Strauss’ Don Quixote & The Last Knight

OCTOBER 27, 2019
Sunday at 2 PM

Part of the series Sight & Sound, in which conductor and music historian Leon Botstein explores the parallels between orchestral music and the visual arts. A discussion is accompanied by musical excerpts and on-screen artworks, then a full performance and audience Q&A.

Emperor Maximilian I of Austria, known since the 19th century as “the last knight,” was passionate about armor and the trappings and ideals of knighthood. There is no more influential tale of knighthood than CervantesDon Quixote, which inspired Strauss’ “Fantastic Variations on a Theme of Knightly Character.” His musical realization of Quixote’s chivalric journey is both thrilling and moving.

Presented in conjunction with the exhibition The Last Knight: The Art, Armor, and Ambition of Maximilian I, on view at The Metropolitan Museum of Art October 7, 2019–January 5, 2020.


R. Strauss Don Quixote

and selections from the exhibition The Last Knight

Program Detail

Conductor and music historian Leon Botstein discusses the parallels between R. StraussDon Quixote and artwork about chivalry, accompanied by musical excerpts performed by The Orchestra Now with on-screen artworks.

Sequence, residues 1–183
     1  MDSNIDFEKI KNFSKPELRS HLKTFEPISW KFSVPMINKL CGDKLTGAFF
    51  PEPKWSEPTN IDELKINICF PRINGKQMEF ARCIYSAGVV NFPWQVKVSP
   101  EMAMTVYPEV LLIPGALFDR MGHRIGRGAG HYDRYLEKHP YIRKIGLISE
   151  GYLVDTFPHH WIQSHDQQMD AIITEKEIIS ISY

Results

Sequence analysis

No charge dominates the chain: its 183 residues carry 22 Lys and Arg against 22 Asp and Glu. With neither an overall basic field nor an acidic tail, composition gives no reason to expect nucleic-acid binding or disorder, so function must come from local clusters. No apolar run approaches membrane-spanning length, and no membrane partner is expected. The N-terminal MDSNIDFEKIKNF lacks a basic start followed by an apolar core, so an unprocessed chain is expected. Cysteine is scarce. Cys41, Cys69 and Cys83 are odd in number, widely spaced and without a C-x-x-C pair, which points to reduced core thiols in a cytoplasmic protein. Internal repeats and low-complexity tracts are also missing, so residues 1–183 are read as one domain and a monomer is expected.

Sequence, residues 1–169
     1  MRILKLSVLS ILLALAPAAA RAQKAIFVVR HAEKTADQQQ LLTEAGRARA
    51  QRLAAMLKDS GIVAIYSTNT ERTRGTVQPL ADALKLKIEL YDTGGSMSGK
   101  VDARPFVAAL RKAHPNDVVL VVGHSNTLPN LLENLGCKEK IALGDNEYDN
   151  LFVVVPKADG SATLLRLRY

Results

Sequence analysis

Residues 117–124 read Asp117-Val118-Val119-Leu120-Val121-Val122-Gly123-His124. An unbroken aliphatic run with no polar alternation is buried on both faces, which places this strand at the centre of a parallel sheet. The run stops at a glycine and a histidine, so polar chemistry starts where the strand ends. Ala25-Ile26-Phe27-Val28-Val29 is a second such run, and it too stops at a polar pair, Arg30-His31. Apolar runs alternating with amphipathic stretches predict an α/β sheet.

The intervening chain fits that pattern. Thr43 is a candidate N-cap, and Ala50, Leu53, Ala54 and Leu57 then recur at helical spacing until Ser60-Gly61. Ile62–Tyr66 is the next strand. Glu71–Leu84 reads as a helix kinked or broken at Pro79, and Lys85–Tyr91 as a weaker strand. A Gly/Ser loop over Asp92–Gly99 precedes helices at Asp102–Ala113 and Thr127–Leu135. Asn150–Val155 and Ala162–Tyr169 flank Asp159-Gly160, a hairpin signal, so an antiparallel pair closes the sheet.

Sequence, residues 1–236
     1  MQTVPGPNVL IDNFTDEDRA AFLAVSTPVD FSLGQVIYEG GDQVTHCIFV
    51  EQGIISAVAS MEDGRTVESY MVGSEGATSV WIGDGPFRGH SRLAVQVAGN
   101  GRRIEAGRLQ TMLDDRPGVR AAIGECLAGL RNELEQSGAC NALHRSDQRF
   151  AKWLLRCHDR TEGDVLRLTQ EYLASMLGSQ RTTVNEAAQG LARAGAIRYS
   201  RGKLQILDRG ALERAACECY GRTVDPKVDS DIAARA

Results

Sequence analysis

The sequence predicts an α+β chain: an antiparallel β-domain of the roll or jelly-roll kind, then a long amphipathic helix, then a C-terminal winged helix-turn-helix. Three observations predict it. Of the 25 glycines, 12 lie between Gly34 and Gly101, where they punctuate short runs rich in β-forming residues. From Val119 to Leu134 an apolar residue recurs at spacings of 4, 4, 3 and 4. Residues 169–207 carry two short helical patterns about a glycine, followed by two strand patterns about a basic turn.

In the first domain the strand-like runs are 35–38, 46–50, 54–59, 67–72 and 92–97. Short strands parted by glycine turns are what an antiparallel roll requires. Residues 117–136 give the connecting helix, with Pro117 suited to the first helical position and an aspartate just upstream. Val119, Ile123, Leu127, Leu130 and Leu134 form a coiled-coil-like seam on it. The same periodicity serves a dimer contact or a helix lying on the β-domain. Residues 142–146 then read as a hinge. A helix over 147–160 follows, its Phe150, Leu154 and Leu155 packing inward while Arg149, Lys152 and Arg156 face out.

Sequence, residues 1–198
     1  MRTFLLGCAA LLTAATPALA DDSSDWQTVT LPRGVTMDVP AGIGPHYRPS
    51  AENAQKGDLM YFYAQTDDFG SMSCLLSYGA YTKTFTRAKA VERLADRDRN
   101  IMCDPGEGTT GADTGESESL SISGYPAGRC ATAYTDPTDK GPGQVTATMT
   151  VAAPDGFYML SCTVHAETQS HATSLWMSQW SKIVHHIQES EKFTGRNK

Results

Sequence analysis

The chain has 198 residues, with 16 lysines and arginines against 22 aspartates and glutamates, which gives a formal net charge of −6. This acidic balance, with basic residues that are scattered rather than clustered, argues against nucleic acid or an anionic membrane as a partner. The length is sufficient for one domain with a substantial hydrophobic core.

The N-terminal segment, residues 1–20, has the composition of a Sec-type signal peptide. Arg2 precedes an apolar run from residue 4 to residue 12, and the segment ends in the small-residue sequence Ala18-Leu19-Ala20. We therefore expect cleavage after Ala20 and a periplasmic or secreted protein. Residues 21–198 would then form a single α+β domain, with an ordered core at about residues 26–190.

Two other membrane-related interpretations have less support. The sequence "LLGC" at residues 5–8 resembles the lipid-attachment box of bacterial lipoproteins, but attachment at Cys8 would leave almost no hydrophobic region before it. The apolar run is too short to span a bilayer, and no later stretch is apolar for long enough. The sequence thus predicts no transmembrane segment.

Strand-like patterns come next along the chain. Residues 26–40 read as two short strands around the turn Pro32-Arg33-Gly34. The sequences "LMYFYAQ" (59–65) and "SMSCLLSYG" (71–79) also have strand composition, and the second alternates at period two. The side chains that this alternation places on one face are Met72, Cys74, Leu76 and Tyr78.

20 min

Full performance
Richard Strauss Don Quixote
43 min

Audience Q&A

All timings are approximate.


60-Second Thumbnail: Explore this concert with TŌN violinist Dillon Robb

TŌN cellist Lucas Button on R. Strauss’ Don Quixote

R. Strauss’ Don Quixote: Mstislav Rostropovich, cello; Ulrich Koch, viola; Herbert von Karajan, conductor; and the Berliner Philharmoniker

Image: Attributed to Lorenz Helmschmid (German, Augsburg, ca. 1445–1516). Sallet of Emperor Maximilian I (1459–1519), ca. 1490–95. Steel, copper alloy, gold, H. 12 in. (30.5 cm); W. 9 in. (22.9 cm); D. 12 3/8 in. (31.4 cm); Wt. 4 lb. 15.7 oz. (2261 g). The Metropolitan Museum of Art, New York, Bashford Dean Memorial Collection, Gift of Edward S. Harkness, 1929 (29.156.45)

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